The move could affect hundreds, perhaps thousands of Cubans who access the Internet without authorization from their homes, using computers and Internet accounts that have been borrowed or purchased on the black market for as much as $50 for 80 hours a month.
Most Cubans do not have authorized access to the World Wide Web, although many can access international e-mail and a more limited government-controlled intranet at government jobs and schools.
Some physicians and key government officials are among the few Cubans authorized to use the Internet from home. According to the new law, those Cubans authorized to use the Internet must now seek additional approval to use the service on the nation's regular phone service, which is charged in Cuban pesos.
The decree passed late last year states that Internet service, already heavily controlled by the communist government, can be used only with a more expensive telephone service charged in U.S. dollars. The dollar service is prohibited to most Cubans and is typically used by foreign firms and individuals.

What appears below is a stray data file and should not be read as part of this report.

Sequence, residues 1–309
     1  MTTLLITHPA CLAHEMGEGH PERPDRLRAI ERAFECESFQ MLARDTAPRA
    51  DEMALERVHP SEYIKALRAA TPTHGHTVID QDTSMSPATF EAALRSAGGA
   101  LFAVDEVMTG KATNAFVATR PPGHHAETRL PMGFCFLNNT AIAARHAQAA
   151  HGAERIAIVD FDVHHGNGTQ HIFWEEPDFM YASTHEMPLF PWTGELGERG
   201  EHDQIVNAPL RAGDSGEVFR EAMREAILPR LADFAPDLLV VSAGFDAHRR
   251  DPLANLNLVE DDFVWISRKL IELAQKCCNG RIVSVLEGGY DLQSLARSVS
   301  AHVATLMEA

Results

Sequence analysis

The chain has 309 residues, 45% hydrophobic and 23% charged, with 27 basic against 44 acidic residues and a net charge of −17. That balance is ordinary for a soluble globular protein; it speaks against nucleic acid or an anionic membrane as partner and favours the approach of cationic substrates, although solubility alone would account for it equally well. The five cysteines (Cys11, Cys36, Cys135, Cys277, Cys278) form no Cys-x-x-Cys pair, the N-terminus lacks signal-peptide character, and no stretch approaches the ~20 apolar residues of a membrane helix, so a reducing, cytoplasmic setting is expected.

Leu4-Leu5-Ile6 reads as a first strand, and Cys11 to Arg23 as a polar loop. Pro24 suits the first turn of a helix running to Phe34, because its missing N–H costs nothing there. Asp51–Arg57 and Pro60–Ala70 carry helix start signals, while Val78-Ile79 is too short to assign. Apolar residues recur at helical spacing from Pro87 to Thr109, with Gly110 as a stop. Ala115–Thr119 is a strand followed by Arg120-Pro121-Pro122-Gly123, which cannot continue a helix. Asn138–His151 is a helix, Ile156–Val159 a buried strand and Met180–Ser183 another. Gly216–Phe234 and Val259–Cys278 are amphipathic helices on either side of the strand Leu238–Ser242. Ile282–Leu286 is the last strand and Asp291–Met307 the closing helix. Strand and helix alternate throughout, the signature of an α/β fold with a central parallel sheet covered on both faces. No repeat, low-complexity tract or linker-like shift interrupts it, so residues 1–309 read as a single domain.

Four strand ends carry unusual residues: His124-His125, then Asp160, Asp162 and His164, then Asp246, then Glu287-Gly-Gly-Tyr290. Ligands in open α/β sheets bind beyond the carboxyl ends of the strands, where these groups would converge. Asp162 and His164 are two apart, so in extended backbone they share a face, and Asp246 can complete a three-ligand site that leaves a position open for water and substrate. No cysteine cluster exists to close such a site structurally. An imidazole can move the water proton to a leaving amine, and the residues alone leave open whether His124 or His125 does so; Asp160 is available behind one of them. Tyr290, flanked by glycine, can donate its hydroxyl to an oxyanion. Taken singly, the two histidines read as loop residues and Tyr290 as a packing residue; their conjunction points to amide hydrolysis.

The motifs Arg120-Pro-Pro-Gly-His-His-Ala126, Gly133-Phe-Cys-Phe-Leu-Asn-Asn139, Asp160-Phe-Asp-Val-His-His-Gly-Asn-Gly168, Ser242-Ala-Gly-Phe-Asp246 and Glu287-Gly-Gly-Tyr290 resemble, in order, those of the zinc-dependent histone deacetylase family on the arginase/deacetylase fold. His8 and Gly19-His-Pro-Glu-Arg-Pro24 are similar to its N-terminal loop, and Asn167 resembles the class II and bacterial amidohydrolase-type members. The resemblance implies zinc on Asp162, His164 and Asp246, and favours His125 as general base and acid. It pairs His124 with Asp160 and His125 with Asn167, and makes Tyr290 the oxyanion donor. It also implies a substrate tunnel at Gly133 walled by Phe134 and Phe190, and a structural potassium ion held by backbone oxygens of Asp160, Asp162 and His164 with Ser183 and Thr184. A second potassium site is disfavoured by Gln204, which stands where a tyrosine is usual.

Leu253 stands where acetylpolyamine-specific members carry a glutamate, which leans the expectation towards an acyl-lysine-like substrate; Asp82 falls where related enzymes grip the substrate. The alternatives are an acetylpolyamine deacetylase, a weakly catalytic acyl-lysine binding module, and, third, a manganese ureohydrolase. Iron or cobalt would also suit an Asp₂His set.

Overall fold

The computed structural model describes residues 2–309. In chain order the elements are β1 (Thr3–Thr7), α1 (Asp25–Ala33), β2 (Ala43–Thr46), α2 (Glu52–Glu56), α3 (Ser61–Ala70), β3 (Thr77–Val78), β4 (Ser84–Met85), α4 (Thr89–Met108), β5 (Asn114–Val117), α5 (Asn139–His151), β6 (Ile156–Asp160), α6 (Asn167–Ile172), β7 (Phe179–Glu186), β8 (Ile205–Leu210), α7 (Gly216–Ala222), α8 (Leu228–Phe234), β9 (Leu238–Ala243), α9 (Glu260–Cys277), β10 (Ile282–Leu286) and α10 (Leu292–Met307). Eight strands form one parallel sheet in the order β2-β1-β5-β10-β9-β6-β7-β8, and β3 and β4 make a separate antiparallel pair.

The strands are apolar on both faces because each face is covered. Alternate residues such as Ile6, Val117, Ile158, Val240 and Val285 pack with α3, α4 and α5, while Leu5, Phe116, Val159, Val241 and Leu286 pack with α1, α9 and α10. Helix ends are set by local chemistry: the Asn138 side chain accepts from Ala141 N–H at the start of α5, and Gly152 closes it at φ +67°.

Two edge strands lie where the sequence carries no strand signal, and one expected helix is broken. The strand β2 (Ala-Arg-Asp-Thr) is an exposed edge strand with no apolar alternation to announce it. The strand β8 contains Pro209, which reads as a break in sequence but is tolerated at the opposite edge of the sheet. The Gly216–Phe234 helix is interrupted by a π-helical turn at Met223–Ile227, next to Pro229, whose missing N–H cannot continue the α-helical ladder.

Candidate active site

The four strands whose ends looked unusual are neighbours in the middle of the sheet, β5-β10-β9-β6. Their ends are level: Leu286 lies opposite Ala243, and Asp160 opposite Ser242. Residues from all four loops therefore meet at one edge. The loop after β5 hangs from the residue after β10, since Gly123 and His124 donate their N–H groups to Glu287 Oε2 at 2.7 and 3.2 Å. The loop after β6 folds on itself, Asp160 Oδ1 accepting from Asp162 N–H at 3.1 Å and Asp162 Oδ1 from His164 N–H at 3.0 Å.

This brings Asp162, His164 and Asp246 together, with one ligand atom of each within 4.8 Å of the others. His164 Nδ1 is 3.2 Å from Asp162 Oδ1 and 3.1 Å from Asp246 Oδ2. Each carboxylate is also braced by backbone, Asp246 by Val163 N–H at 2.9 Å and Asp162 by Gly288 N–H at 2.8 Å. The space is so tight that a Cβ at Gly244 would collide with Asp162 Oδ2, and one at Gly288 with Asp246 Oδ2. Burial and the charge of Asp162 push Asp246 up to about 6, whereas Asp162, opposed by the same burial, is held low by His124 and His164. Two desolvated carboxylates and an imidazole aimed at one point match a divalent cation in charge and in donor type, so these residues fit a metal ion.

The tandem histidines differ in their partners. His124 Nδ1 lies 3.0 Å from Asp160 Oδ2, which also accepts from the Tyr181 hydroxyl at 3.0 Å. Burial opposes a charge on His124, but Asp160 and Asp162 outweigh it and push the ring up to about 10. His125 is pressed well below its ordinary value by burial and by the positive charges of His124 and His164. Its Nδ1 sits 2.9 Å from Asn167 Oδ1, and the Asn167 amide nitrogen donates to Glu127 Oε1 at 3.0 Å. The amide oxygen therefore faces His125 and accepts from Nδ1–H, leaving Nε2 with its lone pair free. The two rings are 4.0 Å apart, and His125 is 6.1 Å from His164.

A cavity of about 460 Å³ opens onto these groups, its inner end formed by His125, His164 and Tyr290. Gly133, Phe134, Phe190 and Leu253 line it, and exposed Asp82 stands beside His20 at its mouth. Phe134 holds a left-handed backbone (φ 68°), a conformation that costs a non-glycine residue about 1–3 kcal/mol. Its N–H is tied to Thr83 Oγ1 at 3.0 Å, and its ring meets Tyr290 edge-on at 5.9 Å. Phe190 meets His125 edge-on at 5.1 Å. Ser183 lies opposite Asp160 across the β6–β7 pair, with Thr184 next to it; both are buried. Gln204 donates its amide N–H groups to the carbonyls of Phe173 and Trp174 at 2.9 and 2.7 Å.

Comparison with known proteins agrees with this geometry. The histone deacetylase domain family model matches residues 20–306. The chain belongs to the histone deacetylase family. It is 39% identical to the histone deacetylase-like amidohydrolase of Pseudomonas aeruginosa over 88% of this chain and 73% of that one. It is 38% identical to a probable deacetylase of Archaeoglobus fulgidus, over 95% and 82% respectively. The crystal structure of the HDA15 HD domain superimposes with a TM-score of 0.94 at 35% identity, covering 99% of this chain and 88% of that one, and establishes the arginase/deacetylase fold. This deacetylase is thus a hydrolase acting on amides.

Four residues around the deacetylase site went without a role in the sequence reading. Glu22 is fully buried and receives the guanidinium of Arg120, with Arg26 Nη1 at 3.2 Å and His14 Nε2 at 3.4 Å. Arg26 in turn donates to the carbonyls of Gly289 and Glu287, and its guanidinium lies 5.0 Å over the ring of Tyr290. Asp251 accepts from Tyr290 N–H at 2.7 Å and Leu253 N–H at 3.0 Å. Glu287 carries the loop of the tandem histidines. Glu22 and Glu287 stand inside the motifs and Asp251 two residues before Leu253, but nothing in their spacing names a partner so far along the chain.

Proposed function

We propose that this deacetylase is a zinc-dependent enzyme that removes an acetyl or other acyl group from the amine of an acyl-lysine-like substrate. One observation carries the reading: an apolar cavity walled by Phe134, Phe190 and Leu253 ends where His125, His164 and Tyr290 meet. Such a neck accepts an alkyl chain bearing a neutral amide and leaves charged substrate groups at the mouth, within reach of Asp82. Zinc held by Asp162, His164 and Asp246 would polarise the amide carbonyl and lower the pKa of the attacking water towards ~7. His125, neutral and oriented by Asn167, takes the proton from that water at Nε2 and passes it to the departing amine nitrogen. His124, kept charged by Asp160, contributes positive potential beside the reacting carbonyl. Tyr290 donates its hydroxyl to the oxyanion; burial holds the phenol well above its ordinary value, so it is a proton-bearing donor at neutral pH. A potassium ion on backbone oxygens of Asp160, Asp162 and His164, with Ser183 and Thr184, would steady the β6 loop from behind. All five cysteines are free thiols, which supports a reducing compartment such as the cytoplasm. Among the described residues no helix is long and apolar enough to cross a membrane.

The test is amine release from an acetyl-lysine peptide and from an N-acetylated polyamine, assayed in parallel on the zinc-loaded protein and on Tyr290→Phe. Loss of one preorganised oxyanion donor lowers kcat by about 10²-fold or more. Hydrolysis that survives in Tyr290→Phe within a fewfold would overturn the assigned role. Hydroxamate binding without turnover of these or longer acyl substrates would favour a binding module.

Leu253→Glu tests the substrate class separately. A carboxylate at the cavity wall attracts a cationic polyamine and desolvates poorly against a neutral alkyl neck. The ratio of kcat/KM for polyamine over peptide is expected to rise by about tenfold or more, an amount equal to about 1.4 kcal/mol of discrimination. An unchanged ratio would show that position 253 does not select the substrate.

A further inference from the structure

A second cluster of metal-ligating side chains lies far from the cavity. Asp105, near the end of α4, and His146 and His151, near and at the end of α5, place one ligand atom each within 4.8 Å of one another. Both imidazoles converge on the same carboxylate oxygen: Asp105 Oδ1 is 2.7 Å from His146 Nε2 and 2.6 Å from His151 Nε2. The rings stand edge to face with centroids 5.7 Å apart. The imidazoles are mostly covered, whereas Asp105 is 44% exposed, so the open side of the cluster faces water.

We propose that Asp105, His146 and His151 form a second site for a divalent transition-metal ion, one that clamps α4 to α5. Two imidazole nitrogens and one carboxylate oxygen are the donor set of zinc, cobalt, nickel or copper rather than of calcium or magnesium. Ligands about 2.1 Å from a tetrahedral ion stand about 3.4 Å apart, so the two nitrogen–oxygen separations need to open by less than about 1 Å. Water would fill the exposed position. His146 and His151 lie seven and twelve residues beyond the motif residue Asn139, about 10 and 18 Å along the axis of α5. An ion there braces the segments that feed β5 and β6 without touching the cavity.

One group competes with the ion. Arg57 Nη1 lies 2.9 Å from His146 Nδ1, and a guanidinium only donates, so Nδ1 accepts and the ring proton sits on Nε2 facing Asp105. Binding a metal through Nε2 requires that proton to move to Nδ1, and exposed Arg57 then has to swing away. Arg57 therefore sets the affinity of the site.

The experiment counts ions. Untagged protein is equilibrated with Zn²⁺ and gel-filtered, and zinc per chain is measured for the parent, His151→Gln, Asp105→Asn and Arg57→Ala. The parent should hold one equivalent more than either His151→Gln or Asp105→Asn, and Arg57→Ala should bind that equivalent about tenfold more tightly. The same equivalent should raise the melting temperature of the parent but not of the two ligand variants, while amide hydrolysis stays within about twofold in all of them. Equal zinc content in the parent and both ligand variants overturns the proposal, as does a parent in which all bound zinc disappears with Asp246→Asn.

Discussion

The law, known as Resolution 180/2003, states that the move is necessary to "regulate dial-up access to Internet navigation service, adopting measures that help protect against the taking of passwords, malicious acts, and the fraudulent and unauthorized use of this service."
The resolution further states that the Cuban phone company will use technical means to "detect and impede access to Internet navigation service" from ordinary phone lines.
E-net, the Internet service of the Cuban telephone company Etecsa, told customers in a Friday letter the new law would take effect late Saturday. It affects all other Internet service providers in Cuba as well.
E-net is the largest of a handful of Internet providers in Cuba all of them heavily monitored and controlled by the government.
E-net customers who do not have the dollar phone service can keep accessing the Internet with the ordinary phone service with special cards sold at Etecsa offices, the letter says.